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Steroid prophylaxis in eyes with uveitis undergoing phacoemulsification
  1. W R Meacock,
  2. D J Spalton,
  3. L Bender,
  4. R Antcliff,
  5. C Heatley,
  6. M R Stanford,
  7. E M Graham
  1. Tremona Road, Eye Unit, Southampton General Hospital, Southampton, Hants, UK
  1. Correspondence to: MrW Meacock Tremona Road, Eye Unit, Southampton General Hospital, Southampton, Hants, UK; wmeacockhotmail.com

Abstract

Aim: To compare the efficacy of two preoperative steroid regimens for cataract surgery in patients with uveitis.

Methods: 40 uveitis patients with cataract underwent phacoemulsification and intraocular lens (IOL) implantation. Preoperatively they were randomised into two groups: group 1 (20 patients) received a single dose of intravenous methylprednisolone (15 mg/kg) half an hour before surgery, and group 2 (20 patients) received a 2 week course of oral prednisolone (0.5 mg/kg) which was tapered postoperatively. Preoperatively patients had aqueous flare and cells measured with the Kowa laser flare meter. On days 1, 7, 28, and 90 aqueous flare and cells were measured, and on days 7 and 90 fluorescein angiography was performed to determine the incidence of cystoid macular oedema (CMO).

Results: At all postoperative visits the mean increase in flare was greater for group 1 (intravenous steroid). Patients with posterior synechiae had greater blood-aqueous barrier damage (BAB) postoperatively. There were no statistically significant differences in logMAR visual acuity and incidences of CMO between the two groups at 7 and 90 days.

Conclusion: A 2 week course of oral prednisolone, tapered postoperatively, produced a better recovery of the BAB than a single dose of intravenous methylprednisolone and is thus the recommended preoperative regimen.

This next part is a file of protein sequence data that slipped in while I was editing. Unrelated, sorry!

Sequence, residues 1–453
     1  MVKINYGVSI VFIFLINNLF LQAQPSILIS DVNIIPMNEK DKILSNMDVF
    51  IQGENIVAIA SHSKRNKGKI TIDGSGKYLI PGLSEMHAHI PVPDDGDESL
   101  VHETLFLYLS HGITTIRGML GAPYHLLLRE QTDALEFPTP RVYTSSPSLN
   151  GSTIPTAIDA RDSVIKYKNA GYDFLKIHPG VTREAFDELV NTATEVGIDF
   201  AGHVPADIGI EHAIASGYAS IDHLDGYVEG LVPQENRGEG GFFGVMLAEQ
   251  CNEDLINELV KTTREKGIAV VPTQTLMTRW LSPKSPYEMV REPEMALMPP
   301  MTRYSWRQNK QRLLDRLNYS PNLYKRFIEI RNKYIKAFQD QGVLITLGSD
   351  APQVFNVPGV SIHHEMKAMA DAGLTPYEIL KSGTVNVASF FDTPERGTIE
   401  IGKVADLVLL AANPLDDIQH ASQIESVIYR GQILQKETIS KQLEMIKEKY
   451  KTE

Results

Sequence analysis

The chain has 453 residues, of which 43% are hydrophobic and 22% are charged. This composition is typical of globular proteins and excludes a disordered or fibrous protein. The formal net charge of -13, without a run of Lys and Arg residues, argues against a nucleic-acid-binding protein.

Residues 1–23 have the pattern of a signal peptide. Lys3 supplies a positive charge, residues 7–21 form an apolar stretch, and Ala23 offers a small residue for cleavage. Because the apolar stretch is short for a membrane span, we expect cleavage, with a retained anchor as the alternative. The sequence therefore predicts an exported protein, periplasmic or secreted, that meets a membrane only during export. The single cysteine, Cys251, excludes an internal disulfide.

• BAB, blood-aqueous barrier
  • CMO, cystoid macular oedema
  • IOL, intraocular lens
  • LCFM, laser cell flare meter
  • VA, visual acuity
  • phacoemulsification
  • uveitis
  • BAB, blood-aqueous barrier
  • CMO, cystoid macular oedema
  • IOL, intraocular lens
  • LCFM, laser cell flare meter
  • VA, visual acuity
  • phacoemulsification
  • uveitis

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Cataracts occur in up to 50% of patients with uveitis and ocular inflammation should be minimised for at least 2 months before proceeding with surgery.1–3 Additionally, these patients should receive increased preoperative immunosuppressive steroid prophylaxis as this has been shown to increase the proportion of patients with a visual acuity (VA) of 20/40 or better at 3 months.3 The aim of this prospective randomised study was to compare the effects of a single dose of intravenous methylprednisolone given half an hour before surgery with a 2 week preoperative course of oral prednisolone on VA, blood-aqueous barrier recovery (BAB), and the incidence of angiographic CMO in patients with uveitis undergoing phacoemulsification.

PATIENTS AND METHODS

Following ethics committee approval patients with uveitis requiring cataract surgery were randomised to two groups of preoperative augmented steroid treatment. Group 1 received intravenous methylprednisolone (15 mg/kg given over half an hour before surgery) and group 2 had a 2 week course of oral prednisolone (0.5 mg/kg/day) before surgery. Attempts were made to minimise ocular inflammation for at least 2 months preoperatively using either topical or oral steroid.

On the day of surgery logMAR VA was measured and aqueous flare and cells were determined with the Kowa FC-1000 laser cell flare meter (LCFM). Patients underwent clear corneal incision phacoemulsification and acrylic intraocular lens implantation by a single surgeon. Posterior synechiae were present in 40% of group 1 and in 58% of group 2. The iris was stretched with Hirschmann hooks and iris sphincterotomies were performed in five and six patients in groups 1 and 2, respectively.